Suicide Statistics

16 Nov 2023

Scientific American, Volume XXXVI., No. 8, February 24, 1877 by Various, is part of the HackerNoon Books Series. You can jump to any chapter in this book here. Suicide Statistics.

Suicide Statistics.

A curious and suggestive table of statistics has recently appeared in France, which will doubtless prove of much value in the hands of students of psychology and nervous mental ailments. It relates to suicides; and the conditions, etc., of the people who made away with themselves in 1874 in France are taken as the basis of the figures. In that year, 5,617 suicides occurred, the largest number ever known in any one year in the country. Of these, 4,435, or 79 per cent., were committed by men, 1,182, or 21 per cent., by women. In spite of the careful investigations of the police, the ages of 105 people could be determined. The 5,512 others are divided as follows: 16 years, 29; between 16 and 21 years, 193; between 21 and 40 years, 1,477; between 40 and 60 years, 2,214; exceeding the last mentioned age, 1,599. About 36 per cent. of these unfortunates were unmarried, 48 per cent. married, and 16 per cent. widowers. Of those which constituted the last two classes, nearly two thirds had children. More than seven tenths of the suicides were effected by strangulation or drowning. The crime was most frequently committed during spring, when 31 per cent. of the whole number destroyed themselves; during other seasons the percentages were: in summer, 27; in winter, 23; in autumn, 19.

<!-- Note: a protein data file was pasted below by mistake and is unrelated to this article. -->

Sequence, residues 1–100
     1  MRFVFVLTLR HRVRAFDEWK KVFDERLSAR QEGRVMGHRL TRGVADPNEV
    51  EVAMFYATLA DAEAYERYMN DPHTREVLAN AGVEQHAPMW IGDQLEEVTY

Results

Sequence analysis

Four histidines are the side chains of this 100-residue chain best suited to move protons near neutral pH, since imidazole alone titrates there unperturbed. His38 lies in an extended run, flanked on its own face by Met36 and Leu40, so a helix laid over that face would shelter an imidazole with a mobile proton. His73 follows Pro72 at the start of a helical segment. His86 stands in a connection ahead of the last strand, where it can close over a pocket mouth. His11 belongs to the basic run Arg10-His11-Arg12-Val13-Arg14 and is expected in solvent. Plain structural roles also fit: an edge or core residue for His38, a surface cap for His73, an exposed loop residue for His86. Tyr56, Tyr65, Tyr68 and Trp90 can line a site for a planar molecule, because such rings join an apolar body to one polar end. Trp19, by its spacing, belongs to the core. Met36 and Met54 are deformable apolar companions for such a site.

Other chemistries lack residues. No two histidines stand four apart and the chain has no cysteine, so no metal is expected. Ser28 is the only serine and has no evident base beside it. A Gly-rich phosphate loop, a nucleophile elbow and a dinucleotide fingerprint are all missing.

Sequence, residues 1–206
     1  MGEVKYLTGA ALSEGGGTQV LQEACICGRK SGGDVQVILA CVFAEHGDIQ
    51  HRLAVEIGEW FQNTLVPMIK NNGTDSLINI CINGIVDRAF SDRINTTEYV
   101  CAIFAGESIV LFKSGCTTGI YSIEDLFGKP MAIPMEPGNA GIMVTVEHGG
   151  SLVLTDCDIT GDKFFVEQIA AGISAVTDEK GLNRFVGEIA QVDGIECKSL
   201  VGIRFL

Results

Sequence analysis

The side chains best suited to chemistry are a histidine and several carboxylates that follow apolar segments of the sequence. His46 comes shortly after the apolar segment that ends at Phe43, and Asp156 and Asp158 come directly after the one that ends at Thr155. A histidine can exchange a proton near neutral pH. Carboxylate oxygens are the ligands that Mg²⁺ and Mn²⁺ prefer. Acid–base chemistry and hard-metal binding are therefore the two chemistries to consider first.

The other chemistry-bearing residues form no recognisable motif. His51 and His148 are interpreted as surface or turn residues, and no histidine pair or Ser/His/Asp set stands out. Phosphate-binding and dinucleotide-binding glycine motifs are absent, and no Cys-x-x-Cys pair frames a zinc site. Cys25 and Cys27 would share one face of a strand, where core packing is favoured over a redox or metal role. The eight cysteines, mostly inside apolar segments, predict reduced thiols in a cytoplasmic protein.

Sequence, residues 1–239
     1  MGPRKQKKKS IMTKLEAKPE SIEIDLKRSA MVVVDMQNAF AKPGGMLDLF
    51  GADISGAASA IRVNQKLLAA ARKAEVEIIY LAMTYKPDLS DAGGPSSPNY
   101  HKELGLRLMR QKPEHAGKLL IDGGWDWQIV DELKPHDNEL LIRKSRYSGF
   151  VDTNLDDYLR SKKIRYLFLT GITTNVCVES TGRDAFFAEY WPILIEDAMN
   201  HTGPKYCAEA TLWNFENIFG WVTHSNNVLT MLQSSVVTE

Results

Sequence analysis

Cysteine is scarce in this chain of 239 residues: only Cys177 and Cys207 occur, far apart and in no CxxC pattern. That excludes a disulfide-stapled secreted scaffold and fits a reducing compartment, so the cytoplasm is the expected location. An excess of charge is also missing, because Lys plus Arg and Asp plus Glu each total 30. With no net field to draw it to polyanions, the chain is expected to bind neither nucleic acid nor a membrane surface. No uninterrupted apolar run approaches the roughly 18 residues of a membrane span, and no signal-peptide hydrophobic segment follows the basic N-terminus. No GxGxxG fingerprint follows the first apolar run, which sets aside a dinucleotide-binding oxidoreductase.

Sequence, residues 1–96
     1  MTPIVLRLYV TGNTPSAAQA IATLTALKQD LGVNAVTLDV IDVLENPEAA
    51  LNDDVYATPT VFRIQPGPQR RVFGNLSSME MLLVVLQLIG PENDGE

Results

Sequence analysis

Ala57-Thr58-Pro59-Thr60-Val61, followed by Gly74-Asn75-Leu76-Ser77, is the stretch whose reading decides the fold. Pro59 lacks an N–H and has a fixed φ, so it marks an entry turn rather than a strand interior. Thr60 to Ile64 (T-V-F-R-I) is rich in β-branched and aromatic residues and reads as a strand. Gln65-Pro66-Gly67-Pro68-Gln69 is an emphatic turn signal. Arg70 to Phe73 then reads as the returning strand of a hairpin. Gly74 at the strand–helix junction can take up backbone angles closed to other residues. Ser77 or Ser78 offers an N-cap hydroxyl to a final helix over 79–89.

Included in the tables are the results of the judicial inquests, showing the professions and callings of the deceased. About 33 per cent. were farmers, 30 per cent. mechanics, 4 per cent. merchants or business men, 16 per cent. members of the liberal professions, 4 per cent. servants, and 13 percent. were destitute of any calling. The table even analyzes, in all but 481 people, the motives which caused the fatal act. Thus we are told that 652 killed themselves because of reverses in fortune, 701 through family troubles, 572 through drunkenness, 243 through love, debauchery, etc.; 798 died to avoid physical suffering, 59 to avoid the penalties of capital crimes, 489 for unclassified troubles, and 1,622 were clearly shown to have been afflicted with some mental disease.

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This book is part of the public domain. Various (2006). Scientific American, Volume XXXVI., No. 8, February 24, 1877. Urbana, Illinois: Project Gutenberg. Retrieved

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